Notes on DVDs watched - 2 India & Persia

Notes on DVDs

11.12.17 Arts of the East: China, Tibet, Japan, India
An introduction to the arts of the east, this DVD looks at the art of these four countries in turn, showing the characteristic subjects and styles of each.

11.12.17 Encounters, the meeting of Asia & Europe 1500-1800 - V & A Exhibition, 2004
"In the three centuries after the explorer Vasco de Gama first landed in India in 1492, meetings, trade and exchanges of all kinds flourished between the peoples of Europe and Asia. These encounters and the hybrid cultures that developed have left an extraordinary legacy of exquisite works of art and compelling human stories. Produced alongside the V&A's landmark 2004 exhibition, Encounters explores both the western fascination for the exotic materials of Asia as well as the interest in European technologies in India, China and Japan. The film considers the religious and diplomatic dimensions of the story, the immensely profitable trading networks and the fantasies imagined of faraway cultures by both Europeans and Asians...There are 6 additional short films that focus on some of the most precious and spectacular artworks from the V&A exhibition."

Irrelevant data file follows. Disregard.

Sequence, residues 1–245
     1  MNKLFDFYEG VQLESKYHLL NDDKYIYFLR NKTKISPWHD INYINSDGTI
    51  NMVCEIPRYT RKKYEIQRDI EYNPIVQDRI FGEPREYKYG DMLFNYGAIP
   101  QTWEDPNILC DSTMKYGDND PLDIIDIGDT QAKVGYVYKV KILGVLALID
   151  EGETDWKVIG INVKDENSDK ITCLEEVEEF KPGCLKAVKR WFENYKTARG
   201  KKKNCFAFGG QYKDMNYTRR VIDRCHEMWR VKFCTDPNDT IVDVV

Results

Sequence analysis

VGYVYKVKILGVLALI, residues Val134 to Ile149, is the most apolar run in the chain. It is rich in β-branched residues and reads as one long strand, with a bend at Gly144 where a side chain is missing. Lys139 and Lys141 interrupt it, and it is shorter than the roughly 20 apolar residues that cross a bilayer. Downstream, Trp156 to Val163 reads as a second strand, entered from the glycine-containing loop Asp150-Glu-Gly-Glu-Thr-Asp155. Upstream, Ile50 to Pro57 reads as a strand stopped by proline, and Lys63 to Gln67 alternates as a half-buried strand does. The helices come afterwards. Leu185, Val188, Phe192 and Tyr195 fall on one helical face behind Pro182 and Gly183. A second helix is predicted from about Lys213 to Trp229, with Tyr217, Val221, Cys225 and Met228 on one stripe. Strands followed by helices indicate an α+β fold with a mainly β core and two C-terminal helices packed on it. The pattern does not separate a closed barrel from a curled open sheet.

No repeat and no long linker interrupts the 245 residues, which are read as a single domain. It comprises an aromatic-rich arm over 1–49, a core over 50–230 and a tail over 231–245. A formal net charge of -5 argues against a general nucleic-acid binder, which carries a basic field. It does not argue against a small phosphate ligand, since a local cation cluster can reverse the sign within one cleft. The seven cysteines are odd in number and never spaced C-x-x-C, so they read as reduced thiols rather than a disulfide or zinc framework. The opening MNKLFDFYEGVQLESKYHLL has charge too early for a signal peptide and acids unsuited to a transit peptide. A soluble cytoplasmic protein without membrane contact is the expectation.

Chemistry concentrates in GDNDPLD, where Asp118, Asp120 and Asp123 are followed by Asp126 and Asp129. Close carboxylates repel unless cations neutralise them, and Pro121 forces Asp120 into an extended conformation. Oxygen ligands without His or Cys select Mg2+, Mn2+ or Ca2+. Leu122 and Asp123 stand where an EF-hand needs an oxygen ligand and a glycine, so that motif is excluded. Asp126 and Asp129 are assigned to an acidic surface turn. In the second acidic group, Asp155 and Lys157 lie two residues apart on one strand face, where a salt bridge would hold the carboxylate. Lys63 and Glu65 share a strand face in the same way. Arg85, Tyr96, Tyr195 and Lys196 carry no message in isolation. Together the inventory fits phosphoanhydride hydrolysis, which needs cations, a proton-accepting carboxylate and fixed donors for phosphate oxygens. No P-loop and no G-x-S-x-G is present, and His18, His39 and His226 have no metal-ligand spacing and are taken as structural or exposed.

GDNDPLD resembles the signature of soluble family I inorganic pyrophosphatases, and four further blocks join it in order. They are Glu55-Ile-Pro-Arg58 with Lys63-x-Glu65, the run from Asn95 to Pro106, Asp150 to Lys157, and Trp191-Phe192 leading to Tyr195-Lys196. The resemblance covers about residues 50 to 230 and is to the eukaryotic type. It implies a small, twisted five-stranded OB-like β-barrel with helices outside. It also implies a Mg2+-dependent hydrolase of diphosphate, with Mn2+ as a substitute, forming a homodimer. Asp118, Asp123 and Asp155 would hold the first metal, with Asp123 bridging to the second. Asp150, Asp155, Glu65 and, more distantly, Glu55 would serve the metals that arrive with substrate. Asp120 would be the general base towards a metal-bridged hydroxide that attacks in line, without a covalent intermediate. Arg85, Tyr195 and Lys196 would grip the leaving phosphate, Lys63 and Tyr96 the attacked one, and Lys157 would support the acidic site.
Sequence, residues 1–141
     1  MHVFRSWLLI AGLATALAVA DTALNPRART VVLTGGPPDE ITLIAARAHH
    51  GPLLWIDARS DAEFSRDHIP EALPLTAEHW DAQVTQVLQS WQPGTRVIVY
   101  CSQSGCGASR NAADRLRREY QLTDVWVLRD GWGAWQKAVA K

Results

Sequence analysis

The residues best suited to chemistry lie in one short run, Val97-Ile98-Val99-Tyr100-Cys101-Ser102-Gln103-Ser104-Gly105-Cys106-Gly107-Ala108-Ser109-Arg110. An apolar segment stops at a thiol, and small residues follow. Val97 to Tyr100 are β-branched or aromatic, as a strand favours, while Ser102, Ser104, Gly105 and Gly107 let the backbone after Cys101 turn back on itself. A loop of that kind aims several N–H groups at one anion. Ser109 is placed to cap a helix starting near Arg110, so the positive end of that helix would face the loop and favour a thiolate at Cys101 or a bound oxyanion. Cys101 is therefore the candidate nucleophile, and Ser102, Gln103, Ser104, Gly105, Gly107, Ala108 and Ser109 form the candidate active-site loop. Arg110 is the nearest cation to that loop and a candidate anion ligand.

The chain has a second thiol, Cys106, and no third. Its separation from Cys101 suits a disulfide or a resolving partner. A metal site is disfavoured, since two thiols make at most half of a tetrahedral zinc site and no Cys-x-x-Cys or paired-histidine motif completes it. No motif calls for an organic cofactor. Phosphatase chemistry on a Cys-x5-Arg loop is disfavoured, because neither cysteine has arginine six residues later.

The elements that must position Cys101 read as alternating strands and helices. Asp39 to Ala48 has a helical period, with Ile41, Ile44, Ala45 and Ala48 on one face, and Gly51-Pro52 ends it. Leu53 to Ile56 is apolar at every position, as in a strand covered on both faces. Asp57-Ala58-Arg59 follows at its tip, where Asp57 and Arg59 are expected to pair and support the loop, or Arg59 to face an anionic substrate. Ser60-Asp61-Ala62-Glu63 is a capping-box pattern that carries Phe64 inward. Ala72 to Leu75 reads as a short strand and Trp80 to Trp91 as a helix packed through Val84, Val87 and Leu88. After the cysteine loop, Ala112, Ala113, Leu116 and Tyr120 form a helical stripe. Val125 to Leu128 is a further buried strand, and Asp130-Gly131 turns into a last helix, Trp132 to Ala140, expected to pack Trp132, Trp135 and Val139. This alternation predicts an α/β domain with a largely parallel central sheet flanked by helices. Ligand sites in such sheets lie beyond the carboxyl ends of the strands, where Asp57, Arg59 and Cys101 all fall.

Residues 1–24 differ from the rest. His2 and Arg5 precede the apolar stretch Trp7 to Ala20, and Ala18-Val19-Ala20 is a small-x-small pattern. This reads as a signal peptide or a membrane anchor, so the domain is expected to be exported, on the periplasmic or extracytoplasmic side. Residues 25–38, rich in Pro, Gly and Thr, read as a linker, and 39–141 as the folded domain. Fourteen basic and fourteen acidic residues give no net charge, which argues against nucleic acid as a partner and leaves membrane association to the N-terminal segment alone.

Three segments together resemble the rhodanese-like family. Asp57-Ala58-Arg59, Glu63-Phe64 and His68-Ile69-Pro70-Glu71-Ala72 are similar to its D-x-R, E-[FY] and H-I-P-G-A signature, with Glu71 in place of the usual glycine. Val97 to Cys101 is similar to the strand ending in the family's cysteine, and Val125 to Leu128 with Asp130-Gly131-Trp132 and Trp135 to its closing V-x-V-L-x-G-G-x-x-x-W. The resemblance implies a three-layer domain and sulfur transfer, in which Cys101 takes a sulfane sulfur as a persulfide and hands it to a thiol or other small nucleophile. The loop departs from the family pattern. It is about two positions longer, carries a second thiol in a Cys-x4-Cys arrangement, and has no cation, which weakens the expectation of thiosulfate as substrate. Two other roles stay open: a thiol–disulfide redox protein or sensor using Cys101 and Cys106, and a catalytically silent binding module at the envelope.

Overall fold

08.01.18 Ancient India: Lost treasures of the ancient world
The history of India is shown through a sequence of various artefacts. The DVD looks at the very early cities of Harrapa and Mohenjaro, with 3D models of how they might have looked. The helpful timeline shows the Mauryan empire, where Chandragupta Maurya defeated the satraps left by Alexander the Great when he went back west. His descendent Ashoka then coverted to Buddhism, which ensured that it would last, and he erected several pillars throughout the empire, declaring his edicts on right conduct. The Ajanta caves contain many cave paintings, some showing Buddha as a prince, which gives an insight into the court life. The later Gupta dynasty was a Hindu one, and erected many temples with erotic carvings, depicting Hindu deities. Then under Mongol rule there was some Persian influence on artistic styles. Finally, the Mughal empire brought Islam, and Shah Jahan built the Taj Mahal, which was a monument in a Mughal tradition.

08.01.18 Treasures of the Indus 1 - Pakistan unveiled